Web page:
Purpose: The characterization of actionable mutations in human tumors is a prerequisite for the development of individualized, targeted therapy. We examined the prevalence of potentially therapeutically actionable mutations in patients with high-risk clinically localized prostate cancer.
Experimental Design: Forty-eight samples of formalin-fixed paraffin-embedded prostatectomy tissue from a neoadjuvant chemotherapy trial were analyzed. DNA extracted from microdissected tumor was analyzed for 643 common solid tumor mutations in 53 genes using mass spectroscopy–based sequencing. In addition, PTEN loss and erythroblast transformation-specific–related gene (ERC) translocations were examined using immunohistochemistry (IHC) in associated tissue microarrays. Association with relapse during 5 years of follow-up was examined in exploratory analyses of the potential clinical relevance of the genetic alterations.
Results: Of the 40 tumors evaluable for mutations, 10% had point mutations in potentially actionable cancer genes. Of the 47 tumors evaluable for IHC, 36% had PTEN loss and 40% had ERG rearrangement. Individual mutations were not frequent enough to determine associations with relapse. Using Kaplan–Meier analysis with a log-rank test, the 16 patients who had PTEN loss had a significantly shorter median relapse-free survival, 19 versus 106 months (P = 0.01).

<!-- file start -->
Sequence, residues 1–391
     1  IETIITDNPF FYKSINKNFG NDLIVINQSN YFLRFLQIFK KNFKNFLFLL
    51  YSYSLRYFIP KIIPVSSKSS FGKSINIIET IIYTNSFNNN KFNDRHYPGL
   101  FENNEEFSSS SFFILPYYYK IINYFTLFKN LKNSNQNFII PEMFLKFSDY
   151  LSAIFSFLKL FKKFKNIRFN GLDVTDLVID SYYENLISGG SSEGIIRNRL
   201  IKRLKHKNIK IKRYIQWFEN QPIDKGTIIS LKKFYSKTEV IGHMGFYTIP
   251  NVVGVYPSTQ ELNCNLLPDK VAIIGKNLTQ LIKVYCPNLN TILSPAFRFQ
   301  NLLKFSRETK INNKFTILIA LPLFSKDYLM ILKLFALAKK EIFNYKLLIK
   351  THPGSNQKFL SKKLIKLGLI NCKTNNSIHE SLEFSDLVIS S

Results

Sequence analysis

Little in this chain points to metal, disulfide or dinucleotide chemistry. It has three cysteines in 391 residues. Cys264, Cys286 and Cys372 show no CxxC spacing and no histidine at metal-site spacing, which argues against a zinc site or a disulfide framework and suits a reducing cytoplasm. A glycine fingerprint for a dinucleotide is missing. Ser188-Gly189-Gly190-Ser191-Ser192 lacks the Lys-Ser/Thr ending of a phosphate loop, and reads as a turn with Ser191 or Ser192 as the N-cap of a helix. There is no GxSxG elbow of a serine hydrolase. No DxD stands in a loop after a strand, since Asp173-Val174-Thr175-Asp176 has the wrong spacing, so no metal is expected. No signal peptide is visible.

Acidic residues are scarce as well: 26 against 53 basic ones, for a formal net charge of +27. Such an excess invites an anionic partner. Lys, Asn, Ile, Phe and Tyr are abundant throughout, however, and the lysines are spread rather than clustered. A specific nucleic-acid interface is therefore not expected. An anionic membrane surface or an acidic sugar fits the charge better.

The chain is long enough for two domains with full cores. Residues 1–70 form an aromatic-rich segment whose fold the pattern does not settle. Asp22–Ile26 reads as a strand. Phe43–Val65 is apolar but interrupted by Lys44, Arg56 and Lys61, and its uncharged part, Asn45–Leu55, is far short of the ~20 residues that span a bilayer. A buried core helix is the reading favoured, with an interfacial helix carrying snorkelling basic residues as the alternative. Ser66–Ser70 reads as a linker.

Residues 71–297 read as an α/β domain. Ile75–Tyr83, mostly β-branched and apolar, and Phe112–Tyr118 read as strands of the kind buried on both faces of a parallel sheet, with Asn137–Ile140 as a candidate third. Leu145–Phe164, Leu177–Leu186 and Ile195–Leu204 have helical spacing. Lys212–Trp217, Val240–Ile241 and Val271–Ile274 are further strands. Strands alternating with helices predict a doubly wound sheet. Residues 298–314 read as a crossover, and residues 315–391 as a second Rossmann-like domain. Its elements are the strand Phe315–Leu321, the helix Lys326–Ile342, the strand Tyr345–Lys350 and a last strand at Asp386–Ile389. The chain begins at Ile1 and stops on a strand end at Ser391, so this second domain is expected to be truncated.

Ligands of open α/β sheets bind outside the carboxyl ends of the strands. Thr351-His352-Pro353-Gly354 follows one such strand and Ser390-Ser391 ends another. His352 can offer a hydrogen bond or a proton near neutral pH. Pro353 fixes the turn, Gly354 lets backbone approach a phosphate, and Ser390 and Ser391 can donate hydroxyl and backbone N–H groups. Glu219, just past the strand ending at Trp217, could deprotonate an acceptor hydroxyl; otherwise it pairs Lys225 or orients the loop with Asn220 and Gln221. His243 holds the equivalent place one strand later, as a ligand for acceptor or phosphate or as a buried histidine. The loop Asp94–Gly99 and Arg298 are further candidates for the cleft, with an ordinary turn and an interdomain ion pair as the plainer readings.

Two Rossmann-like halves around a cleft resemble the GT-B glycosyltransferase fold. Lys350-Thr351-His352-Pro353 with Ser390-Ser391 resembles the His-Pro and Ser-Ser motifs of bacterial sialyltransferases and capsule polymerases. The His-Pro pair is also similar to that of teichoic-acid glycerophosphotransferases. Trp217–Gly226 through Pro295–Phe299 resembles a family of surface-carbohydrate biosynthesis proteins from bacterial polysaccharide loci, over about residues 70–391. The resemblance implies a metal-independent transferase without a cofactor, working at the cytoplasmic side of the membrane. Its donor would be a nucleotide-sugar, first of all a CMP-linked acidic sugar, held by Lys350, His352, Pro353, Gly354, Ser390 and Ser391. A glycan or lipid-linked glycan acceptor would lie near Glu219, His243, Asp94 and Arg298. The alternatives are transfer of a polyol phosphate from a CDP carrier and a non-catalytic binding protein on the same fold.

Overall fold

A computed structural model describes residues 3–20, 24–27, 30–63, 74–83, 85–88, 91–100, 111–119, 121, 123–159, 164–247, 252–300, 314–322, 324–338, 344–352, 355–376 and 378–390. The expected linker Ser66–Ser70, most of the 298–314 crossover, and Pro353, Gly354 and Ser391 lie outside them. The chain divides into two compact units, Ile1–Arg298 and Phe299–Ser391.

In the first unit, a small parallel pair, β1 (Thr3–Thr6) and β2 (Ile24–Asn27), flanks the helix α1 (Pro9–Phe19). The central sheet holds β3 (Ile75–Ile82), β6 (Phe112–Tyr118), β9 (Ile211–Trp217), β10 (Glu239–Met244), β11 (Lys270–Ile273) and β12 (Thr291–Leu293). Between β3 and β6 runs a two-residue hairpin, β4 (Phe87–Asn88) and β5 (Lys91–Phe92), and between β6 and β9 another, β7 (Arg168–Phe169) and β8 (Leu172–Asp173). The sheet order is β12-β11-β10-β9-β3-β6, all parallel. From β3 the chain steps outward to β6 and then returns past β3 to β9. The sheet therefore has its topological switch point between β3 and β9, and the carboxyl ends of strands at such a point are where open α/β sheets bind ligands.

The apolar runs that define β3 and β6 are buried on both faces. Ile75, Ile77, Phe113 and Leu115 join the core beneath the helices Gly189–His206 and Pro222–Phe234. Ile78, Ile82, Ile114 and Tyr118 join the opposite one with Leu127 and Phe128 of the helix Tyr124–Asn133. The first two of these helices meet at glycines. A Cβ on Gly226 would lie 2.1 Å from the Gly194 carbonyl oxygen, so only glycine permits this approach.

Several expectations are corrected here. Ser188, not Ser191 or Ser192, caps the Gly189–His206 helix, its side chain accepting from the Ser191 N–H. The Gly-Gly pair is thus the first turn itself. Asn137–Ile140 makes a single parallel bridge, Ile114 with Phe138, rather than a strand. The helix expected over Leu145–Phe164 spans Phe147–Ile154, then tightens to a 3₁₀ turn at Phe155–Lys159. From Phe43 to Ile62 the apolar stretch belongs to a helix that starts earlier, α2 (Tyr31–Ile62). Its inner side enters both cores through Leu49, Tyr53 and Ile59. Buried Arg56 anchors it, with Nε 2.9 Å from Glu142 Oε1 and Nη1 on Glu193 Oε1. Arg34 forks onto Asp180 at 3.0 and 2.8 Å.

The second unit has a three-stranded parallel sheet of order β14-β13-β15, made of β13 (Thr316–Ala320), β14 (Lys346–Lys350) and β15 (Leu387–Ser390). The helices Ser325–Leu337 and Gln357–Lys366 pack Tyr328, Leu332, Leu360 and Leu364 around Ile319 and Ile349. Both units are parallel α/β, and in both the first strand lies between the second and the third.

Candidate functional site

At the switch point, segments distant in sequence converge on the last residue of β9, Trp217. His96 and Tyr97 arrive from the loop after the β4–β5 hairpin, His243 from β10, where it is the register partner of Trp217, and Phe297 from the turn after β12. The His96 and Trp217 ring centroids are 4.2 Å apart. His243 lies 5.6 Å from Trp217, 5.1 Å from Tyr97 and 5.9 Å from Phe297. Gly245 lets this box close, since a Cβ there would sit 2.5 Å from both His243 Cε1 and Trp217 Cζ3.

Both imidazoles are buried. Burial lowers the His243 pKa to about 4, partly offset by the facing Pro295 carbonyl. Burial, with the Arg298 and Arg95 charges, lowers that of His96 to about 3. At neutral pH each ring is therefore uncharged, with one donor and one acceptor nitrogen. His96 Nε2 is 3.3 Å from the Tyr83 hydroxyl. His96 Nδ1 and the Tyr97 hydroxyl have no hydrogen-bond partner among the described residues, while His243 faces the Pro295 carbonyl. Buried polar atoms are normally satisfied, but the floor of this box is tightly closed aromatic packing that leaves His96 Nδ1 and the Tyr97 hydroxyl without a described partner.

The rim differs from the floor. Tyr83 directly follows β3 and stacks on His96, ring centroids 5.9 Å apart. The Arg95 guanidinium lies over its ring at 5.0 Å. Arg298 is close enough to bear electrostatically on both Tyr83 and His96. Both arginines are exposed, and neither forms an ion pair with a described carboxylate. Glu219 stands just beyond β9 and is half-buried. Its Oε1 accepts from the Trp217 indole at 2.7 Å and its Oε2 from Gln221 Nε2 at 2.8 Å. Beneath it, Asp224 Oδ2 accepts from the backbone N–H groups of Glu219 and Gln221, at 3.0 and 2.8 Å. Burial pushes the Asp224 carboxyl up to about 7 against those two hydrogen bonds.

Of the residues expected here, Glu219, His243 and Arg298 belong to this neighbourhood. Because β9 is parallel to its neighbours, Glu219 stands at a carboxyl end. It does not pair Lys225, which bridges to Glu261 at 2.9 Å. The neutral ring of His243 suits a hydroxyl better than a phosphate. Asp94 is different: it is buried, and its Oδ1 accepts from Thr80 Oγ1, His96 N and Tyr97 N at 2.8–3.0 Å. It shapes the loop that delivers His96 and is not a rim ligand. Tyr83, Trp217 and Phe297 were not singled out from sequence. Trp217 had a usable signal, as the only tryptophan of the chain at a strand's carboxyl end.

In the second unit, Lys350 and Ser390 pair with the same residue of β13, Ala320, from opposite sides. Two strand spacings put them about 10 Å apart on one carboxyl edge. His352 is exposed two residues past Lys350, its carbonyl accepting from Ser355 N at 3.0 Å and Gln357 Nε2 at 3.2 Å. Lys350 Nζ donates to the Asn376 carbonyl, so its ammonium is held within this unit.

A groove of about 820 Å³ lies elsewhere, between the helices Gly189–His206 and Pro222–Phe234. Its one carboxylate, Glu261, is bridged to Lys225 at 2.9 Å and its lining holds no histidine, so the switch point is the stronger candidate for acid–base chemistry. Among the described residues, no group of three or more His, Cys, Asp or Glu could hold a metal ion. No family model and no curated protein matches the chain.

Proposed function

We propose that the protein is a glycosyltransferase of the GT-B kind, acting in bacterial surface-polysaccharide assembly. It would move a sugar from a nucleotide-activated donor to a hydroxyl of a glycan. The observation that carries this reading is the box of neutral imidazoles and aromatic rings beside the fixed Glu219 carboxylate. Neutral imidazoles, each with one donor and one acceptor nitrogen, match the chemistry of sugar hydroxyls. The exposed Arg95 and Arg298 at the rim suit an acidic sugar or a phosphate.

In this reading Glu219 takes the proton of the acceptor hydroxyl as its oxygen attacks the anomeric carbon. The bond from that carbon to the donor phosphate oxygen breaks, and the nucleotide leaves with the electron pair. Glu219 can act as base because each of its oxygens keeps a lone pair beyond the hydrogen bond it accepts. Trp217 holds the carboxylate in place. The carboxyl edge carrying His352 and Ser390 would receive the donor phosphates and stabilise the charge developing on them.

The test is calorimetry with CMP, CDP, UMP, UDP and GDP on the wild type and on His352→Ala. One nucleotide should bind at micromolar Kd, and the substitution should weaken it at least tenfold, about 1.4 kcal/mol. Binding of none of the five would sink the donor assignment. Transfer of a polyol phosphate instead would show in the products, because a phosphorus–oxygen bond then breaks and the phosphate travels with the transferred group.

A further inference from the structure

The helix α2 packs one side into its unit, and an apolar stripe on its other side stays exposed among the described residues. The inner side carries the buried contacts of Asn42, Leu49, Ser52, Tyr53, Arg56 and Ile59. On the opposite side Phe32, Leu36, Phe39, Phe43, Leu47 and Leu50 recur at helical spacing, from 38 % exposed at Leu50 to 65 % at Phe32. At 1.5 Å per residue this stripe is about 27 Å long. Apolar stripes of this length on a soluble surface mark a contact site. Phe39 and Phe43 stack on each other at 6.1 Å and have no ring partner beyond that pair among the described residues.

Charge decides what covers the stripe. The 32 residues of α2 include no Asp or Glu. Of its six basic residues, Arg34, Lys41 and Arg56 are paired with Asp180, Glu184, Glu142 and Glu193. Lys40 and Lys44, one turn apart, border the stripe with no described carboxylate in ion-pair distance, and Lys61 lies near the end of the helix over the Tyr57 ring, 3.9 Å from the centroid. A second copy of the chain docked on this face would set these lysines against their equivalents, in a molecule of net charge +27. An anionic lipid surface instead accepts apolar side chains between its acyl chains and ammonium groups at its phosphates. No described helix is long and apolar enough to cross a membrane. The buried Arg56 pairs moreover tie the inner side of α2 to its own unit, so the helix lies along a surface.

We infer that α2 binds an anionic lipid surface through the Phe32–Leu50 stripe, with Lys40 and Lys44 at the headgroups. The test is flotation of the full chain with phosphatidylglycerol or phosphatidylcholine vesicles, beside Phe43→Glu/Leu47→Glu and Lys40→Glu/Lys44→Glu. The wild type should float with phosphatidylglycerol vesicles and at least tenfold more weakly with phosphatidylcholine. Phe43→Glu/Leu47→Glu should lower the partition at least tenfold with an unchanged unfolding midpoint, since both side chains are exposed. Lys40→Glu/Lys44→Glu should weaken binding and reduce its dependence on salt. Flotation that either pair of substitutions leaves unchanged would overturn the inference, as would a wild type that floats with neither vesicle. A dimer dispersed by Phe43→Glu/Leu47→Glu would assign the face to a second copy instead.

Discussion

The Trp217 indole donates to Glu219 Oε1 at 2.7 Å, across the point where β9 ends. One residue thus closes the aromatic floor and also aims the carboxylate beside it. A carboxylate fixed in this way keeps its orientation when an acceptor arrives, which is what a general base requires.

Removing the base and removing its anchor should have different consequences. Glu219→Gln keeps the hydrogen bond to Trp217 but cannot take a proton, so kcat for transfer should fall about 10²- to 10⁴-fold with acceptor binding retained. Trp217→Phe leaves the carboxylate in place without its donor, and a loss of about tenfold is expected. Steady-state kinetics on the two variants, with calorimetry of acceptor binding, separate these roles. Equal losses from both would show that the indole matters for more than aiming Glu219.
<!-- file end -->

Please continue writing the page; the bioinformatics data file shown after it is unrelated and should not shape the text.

Conclusions: This study confirms that point mutations in the most common cancer regulatory genes in prostate cancer are rare. However, the PIK3CA/AKT pathway was mutated in 10% of our samples. Although point mutations alone did not have a statistically significant association with relapse, PTEN loss was associated with an increased relapse in high-risk prostate cancer treated with chemotherapy followed by surgery. Clin Cancer Res; 1–7. ©2013 AACR.
Note: Supplementary data for this article are available at Clinical Cancer Research Online (http://clincancerres.aacrjournals.org/).
- Received June 28, 2013.
- Revision received November 7, 2013.
- Accepted November 25, 2013.
- ©2013 American Association for Cancer Research.